Referring back to FIG. 5, the main pulleys 502 are preferably implemented using sealed bearing cable pulleys, and are rotationally mounted, via the sealed bearings, on a shaft 506. Each main pulley 502 is disposed between two radial load bearing disks 508, which are also mounted on the shaft 506. The shaft 506 is non-rotationally coupled to a mounting block 512 via, for example, suitable fasteners 514 (only one visible). To facilitate this, the ends of the shaft 506, at least in the depicted embodiment, are preferably threaded. The mounting block 512 serves to axially locate the main pulleys 502. In the depicted embodiment the first and second blocks 500-1, 500-2 each include eleven main pulleys 502 and twelve radial load bearing disks 508. However, in various other embodiments the first and second blocks 500-1, 500-2 may be implemented using more or less than this number main pulleys 502 and radial load bearing disks 508. In this regard, it will be appreciated that the number of pulley cable openings 134, 162 in the first and second substantially hollow conduits 132, 158 may vary, but preferably match the number of main pulleys 502.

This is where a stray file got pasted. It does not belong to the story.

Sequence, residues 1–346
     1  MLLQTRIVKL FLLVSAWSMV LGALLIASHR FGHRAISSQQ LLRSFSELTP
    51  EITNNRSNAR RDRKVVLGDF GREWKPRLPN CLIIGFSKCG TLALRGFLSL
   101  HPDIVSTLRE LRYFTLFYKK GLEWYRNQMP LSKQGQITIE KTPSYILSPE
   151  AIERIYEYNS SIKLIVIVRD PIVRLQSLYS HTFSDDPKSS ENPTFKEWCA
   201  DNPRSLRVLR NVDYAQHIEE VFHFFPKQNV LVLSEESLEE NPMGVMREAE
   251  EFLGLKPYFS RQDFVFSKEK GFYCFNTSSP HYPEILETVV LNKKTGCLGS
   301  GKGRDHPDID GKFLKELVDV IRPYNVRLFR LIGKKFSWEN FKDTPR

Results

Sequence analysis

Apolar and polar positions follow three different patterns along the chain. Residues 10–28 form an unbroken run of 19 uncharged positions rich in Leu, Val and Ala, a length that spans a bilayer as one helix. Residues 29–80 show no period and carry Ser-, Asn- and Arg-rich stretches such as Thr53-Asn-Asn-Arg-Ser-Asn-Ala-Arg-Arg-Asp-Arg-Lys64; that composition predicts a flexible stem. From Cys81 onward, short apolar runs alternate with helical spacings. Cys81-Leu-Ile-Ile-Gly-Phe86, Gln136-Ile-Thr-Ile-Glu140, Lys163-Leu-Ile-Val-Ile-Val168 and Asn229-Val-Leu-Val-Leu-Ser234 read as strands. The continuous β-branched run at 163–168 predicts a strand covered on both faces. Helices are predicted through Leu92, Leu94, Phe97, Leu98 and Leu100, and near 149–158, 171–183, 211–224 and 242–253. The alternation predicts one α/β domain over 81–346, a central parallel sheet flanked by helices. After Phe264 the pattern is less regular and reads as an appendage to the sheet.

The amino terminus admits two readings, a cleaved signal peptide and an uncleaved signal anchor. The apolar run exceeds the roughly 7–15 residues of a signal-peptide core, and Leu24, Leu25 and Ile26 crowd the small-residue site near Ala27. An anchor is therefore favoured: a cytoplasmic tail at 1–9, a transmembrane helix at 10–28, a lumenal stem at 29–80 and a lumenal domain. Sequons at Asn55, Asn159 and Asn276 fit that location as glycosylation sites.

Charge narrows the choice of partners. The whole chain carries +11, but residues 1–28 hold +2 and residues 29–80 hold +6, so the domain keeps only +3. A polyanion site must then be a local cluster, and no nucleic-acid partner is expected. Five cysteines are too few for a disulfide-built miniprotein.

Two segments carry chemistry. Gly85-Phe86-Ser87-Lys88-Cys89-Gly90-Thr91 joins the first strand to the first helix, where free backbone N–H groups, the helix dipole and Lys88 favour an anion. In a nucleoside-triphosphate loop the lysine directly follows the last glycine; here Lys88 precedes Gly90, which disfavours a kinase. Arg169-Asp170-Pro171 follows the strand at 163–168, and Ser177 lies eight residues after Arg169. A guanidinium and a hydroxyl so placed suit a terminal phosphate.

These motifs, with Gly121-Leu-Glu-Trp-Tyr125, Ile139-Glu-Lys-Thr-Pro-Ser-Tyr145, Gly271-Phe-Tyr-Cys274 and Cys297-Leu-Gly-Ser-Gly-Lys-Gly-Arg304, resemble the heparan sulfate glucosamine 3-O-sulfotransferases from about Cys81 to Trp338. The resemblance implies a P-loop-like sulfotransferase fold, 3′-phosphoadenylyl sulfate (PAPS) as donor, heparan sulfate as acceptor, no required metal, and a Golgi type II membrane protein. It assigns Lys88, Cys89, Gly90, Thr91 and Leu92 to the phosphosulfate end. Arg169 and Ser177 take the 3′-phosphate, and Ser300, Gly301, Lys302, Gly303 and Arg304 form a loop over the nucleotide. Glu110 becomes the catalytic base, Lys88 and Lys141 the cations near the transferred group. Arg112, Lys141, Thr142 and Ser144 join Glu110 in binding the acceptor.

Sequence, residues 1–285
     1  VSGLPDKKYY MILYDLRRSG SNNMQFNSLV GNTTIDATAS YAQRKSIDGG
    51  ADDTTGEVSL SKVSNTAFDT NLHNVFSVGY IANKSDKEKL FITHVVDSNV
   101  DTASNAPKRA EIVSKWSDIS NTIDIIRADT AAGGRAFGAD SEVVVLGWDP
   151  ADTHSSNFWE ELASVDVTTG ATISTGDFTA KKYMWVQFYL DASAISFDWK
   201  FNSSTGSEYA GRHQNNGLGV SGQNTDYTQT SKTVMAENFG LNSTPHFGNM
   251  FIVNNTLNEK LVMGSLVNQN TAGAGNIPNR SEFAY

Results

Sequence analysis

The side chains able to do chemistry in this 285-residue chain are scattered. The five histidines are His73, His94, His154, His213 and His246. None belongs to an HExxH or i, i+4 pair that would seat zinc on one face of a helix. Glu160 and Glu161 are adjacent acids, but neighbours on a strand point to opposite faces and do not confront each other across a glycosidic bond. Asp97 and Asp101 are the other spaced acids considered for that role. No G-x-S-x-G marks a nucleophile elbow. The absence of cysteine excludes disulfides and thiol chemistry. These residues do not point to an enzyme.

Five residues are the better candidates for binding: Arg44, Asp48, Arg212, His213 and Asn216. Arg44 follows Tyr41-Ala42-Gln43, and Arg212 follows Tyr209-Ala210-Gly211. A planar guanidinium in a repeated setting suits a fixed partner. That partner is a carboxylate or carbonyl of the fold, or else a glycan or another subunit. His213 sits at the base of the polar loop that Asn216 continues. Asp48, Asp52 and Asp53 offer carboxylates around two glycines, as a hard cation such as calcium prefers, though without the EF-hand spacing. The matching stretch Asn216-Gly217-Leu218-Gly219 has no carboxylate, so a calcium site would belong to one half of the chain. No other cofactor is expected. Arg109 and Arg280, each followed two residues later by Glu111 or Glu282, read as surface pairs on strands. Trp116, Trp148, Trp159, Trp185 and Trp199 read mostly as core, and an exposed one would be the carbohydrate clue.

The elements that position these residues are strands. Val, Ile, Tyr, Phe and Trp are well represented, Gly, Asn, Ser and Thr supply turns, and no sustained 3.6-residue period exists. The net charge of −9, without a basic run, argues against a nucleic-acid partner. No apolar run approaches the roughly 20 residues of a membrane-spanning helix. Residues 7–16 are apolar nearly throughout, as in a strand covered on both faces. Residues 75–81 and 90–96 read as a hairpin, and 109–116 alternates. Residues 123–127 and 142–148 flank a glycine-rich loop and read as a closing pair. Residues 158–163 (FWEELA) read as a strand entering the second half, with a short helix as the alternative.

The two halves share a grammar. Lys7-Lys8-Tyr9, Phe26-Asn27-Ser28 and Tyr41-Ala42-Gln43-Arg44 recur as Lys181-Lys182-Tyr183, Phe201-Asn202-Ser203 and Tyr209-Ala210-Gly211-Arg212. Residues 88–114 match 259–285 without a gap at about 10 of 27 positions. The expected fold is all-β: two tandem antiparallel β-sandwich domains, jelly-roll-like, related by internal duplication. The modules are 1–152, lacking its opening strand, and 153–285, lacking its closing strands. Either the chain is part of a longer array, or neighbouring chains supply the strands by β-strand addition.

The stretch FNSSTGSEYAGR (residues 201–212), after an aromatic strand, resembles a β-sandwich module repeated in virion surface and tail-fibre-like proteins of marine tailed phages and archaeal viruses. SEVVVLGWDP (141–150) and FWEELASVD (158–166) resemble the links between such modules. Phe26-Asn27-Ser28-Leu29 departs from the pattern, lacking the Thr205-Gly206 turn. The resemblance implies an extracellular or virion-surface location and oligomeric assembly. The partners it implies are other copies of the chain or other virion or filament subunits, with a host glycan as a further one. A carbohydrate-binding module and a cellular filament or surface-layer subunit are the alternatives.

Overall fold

The first and second blocks 500-1, 500-2, as noted above, are housed within the first and second substantially hollow conduits 132, 158, respectively. It may thus be appreciated that the main pulleys 502 each have a maximum outer diameter that is less than the inner diameter of the first and second substantially hollow conduits 132, 158. The outer diameter of the radial load bearing disks 508 are also less than the inner diameter of the first and second substantially hollow conduits 132, 158, but are larger in diameter than that of the main pulleys 502. Thus, when a load is applied to the first and second blocks 500-1, 500-2, the radial load bearing disks 508 carry the load while the main pulleys 502 remain free to rotate. It will be appreciated that the specific diameters of the first and second substantially hollow conduits 132, 158, the main pulleys 502, and the radial load bearing disks 508 may vary as needed or desired.